Updated: May 16
We've all been there. There's not enough coffee or wine [if you know, you know] that can help you through those days when you just don't want to. You wish you could hide in the bathroom, under the covers, or just run away [maybe not literally, but again, we've all been there, so I get it]. We've all felt this way and maybe felt too afraid to say it out loud, so I'll do it for you.
As a conscious mom, I’m more aware, more intentional, more present. At least, I try to be.
When I share tips and stories on social media, I’m normally met with “you have so much patience, how do you keep your patience, do you ever get overwhelmed and annoyed?” The answer will always be patience is nothing without boundaries and I am a human that gets overwhelmed and annoyed even on my best days; more so on my bad days..more than I hate to admit.
The truth is. I’m not necessarily more “patient”’ I’m simply aware and intentional. I have my days as a mom. My really rough days. Especially as a pregnant and grieving toddler mom. There are mornings when I wake up and I can automatically tell I’m just in a bad mood. No matter how hard I try to shake it, no matter how hard I try to snap out of it, no matter how many times I tell myself “just smile,” the mood seems there to stay.
THE RAW + UGLY + RELEVANT TRUTH
Some days I don’t want to be bothered.
Some days I don't want to be touched.
Some days I don’t want to keep getting up after I just sat down.
Some days I don’t want to be patient.
Some days I don’t want to be gentle.
Some days I don’t want to clean up the mess I was trying to avoid.
Some days I don’t want to clean another poop.
Some days I don’t want to cut grapes.
Some days I don’t want to go through the hassle of what it takes to leave the house.
Some days I don’t want to hear the whining and crying.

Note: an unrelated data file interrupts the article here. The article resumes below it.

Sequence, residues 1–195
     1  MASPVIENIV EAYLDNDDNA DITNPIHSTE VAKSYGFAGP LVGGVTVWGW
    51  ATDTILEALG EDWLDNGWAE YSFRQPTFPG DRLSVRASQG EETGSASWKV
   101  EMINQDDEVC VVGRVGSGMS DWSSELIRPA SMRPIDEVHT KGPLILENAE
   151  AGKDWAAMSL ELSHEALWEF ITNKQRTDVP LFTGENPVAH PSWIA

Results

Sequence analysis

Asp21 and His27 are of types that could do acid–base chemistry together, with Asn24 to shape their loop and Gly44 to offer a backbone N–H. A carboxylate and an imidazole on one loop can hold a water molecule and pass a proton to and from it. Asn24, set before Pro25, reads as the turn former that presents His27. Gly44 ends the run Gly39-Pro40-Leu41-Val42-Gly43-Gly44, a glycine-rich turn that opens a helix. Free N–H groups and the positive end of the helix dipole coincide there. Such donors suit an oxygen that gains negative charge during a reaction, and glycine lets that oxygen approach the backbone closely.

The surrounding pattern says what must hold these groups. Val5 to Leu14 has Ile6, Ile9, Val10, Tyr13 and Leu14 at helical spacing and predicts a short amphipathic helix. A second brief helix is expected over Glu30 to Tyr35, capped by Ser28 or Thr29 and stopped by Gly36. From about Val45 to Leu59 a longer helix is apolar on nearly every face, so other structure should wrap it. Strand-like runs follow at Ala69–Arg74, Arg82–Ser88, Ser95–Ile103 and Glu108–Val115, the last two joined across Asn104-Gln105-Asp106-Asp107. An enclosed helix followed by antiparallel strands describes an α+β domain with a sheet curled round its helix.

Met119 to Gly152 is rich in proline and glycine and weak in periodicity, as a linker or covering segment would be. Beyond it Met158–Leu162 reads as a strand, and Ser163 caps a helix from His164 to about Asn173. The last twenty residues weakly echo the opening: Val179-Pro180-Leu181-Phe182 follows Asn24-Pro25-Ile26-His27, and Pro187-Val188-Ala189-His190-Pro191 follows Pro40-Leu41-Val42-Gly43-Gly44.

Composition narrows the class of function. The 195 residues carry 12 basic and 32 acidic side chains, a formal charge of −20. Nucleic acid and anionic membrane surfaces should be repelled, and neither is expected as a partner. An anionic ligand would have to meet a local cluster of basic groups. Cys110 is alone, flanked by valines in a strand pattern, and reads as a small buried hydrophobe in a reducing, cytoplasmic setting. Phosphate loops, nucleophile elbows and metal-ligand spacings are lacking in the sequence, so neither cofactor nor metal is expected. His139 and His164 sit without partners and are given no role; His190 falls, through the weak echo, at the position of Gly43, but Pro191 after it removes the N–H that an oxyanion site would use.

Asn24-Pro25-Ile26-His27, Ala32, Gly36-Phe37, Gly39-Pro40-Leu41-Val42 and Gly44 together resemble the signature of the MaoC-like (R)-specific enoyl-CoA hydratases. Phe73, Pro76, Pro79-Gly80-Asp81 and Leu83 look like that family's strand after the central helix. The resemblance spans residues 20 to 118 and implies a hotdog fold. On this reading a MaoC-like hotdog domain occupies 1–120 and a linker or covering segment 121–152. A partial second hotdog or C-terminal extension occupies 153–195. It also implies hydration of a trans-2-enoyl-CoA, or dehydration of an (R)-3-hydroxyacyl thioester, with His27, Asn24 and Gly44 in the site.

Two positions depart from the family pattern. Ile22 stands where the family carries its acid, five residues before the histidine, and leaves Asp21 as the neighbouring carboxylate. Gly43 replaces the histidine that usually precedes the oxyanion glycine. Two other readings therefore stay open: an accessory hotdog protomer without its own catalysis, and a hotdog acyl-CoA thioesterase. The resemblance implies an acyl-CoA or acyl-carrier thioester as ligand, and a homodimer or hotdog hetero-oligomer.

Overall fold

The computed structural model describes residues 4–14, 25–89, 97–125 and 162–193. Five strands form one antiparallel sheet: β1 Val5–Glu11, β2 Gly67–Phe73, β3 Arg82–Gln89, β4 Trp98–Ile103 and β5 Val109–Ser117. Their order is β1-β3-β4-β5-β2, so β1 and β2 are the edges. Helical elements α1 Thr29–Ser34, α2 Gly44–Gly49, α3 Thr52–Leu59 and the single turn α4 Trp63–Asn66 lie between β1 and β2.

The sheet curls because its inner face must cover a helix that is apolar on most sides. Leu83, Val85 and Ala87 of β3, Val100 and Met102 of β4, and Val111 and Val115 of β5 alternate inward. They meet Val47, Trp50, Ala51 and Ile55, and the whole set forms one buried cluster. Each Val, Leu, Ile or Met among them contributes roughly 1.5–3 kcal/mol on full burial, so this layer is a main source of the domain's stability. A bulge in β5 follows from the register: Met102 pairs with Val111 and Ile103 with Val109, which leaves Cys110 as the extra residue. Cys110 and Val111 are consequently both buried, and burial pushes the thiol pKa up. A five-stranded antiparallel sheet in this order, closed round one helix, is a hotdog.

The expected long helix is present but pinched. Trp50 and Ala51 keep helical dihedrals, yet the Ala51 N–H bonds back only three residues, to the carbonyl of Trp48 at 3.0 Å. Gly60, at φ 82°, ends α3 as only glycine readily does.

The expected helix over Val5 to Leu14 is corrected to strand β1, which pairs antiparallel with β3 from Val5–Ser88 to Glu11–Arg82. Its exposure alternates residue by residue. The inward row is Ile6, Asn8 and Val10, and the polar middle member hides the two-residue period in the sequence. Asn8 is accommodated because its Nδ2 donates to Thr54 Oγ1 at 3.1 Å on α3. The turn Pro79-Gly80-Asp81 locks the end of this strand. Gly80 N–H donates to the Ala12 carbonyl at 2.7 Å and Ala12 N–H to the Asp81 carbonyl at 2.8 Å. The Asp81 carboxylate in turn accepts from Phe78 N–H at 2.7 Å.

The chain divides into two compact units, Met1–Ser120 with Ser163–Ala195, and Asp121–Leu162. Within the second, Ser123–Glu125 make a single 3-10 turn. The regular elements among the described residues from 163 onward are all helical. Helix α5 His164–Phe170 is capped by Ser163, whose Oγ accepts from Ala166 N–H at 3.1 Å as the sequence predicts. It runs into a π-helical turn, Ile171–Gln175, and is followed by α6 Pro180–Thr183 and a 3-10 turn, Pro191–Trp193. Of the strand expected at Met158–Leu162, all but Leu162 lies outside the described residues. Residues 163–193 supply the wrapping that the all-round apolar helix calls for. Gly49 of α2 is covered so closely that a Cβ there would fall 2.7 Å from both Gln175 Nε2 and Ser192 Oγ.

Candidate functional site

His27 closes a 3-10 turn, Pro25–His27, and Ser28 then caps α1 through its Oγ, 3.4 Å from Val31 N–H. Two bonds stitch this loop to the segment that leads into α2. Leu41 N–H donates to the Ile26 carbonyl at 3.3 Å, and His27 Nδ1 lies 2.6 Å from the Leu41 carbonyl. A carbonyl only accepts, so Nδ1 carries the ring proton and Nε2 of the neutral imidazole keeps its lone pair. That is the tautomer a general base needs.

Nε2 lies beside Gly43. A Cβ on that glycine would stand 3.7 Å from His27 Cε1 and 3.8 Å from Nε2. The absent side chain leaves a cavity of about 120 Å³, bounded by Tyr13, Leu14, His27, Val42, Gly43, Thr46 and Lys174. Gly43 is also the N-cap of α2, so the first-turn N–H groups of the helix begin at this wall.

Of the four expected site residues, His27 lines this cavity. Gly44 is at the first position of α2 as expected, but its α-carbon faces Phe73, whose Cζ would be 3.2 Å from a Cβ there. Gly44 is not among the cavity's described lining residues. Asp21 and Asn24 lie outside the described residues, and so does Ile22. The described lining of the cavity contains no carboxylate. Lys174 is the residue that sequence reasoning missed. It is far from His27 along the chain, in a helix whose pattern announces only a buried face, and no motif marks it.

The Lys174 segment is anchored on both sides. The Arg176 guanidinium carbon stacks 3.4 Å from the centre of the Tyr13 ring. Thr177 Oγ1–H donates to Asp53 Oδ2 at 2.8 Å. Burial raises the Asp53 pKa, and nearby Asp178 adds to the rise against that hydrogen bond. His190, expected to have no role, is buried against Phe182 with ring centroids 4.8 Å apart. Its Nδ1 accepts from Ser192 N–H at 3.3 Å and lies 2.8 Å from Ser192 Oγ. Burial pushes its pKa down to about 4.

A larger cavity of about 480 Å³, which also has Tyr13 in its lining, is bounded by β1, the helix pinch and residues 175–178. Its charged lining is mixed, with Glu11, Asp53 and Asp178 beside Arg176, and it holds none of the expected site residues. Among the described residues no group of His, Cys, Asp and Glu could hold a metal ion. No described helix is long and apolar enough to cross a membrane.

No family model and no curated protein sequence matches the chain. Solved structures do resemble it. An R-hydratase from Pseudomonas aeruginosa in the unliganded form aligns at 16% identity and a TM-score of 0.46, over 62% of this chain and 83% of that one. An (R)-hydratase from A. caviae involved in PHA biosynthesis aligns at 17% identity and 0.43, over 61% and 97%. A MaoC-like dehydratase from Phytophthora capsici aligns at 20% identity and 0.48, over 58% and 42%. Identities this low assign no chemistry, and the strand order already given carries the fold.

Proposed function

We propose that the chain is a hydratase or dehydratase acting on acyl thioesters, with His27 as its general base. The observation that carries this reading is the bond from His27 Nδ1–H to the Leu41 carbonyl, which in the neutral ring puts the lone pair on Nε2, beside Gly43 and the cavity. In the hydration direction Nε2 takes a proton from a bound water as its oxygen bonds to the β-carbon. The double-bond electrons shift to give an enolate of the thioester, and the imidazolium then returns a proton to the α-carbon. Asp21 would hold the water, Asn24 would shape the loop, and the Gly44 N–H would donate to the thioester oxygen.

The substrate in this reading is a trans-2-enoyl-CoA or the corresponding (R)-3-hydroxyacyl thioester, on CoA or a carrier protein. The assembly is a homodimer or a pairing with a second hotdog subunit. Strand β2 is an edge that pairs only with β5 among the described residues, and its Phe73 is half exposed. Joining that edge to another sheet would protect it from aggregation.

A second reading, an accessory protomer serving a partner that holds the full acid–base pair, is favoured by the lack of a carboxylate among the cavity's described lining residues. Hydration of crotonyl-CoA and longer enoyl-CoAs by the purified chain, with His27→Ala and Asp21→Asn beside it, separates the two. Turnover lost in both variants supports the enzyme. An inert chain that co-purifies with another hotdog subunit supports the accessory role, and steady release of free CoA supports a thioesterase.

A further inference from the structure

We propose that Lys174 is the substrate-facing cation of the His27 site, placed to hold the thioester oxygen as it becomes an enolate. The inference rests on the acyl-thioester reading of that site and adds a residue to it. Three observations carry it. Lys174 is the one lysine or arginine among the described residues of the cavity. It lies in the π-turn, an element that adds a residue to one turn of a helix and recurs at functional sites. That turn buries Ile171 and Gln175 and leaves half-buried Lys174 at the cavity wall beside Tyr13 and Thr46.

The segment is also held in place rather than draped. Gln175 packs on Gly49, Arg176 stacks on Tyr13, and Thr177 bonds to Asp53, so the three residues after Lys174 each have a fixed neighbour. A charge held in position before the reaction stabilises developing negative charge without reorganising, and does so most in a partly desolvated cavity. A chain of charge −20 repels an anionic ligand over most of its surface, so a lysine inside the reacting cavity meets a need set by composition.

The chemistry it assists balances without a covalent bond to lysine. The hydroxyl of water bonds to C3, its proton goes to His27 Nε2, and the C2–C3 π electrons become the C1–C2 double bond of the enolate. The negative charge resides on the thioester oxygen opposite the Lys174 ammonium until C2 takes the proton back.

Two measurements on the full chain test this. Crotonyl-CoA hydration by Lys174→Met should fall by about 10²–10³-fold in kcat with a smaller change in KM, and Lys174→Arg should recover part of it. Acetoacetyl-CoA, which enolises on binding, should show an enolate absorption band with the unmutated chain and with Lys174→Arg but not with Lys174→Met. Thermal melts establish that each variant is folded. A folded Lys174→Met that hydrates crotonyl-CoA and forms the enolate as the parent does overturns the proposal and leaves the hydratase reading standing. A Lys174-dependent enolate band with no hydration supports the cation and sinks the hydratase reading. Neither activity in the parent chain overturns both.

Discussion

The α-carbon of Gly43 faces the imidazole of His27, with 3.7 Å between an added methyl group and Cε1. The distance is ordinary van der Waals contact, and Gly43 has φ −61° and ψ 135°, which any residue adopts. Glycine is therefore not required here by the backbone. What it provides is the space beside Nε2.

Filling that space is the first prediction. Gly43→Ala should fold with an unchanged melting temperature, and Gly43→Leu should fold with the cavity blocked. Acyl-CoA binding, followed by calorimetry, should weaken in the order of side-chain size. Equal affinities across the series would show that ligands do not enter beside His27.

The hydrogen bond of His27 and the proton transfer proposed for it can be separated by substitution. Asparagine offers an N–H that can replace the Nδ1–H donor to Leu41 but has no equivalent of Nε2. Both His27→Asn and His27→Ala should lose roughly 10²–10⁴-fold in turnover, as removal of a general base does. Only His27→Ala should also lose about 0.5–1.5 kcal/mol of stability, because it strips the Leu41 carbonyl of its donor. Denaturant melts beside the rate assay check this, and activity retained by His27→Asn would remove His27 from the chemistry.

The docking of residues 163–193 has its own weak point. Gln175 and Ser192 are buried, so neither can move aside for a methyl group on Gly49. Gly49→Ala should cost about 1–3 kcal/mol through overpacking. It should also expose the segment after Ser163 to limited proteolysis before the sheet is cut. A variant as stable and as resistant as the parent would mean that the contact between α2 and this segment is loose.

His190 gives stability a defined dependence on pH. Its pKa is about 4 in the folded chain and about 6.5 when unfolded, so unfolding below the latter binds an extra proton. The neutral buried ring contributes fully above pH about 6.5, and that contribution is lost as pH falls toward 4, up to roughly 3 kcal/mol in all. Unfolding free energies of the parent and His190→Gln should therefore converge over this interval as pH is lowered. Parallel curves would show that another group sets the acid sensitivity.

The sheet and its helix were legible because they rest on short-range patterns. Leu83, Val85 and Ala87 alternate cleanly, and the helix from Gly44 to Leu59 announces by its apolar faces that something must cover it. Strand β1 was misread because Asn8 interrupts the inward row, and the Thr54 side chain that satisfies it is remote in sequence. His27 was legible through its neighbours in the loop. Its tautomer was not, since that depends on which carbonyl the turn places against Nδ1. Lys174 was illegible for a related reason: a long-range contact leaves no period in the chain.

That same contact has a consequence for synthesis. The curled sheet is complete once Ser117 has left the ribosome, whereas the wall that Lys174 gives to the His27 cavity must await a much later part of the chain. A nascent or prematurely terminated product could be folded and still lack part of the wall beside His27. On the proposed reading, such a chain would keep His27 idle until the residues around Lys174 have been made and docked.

Some days I don’t want to go through the motions of nap time.
Some days I'm merely surviving until bedtime.
"With being more intentional, more conscious, more aware, I’m able to look at myself and indicate what my unmet need is."
Am I overwhelmed? Do I feel safe? [whatever safe might mean to you] Am I annoyed because I’ve been trying to finish laundry all week? Do I miss being able to binge watch Lifetime movies? Am I depressed? Am I anxious? Could I be mid-panic attack? Do I need some self care, but what about mom guilt? Am I just utterly exhausted? Am I just having a bad day? Sometimes I need a mini reset. Being home with a toddler can limit what self-care traditionally means+looks like, but self care with a toddler is possible, and it's how I get through my rough days.
Bad Days Are Inevitable
Whatever the case may be, I’m cognizant of how my feelings impact my children’s day. A huge part of being conscious is communicating as much as possible. I’m very open with my three year old when I’m having a rough time and I explain it in an age appropriate way: “I’m sorry, mommy is having a hard day today. I didn’t sleep well last night and I’m in a bit of a sad mood. I love you and I’m ready to play!” I never want her to feel as if my bad day has anything to do with her. I want her to know that it’s OK to have rough days.
One day, she stomped in her room after hours of whining, wanting to be held, the whole-toddler-nine, and said “I’M UPSET!!!” and folded her arms. In that moment I felt a sigh of relief. I know it sounds crazy, but my three year old was able to put a name with how she was feeling. We hugged and played with her Peppa Pig toys. I thanked her for letting me know that she was upset, it’s okay to be upset, and I’m here for her always. Rough days are inevitable. We’re all human. Being more conscious has allowed me to separate my own internal frustrations and the way that I parent the child who still depends on me for [emotional] survival and support. It’s not easy [Lord knows it’s not easy!!!] but it helps. I’m reparenting myself and it's not easy. So, most days, I’m surviving until bedtime. And when she wraps those toddlers arms around me, kisses my forehead, and says “good night, mommy” I feel good knowing that in the midst of my unmet needs, I was able to allow myself to be human, communicate my emotions with her, and still be there for her without making her feel like her needs weren’t important. Survival of motherhood. Click here to read How To: Self Care With a Toddler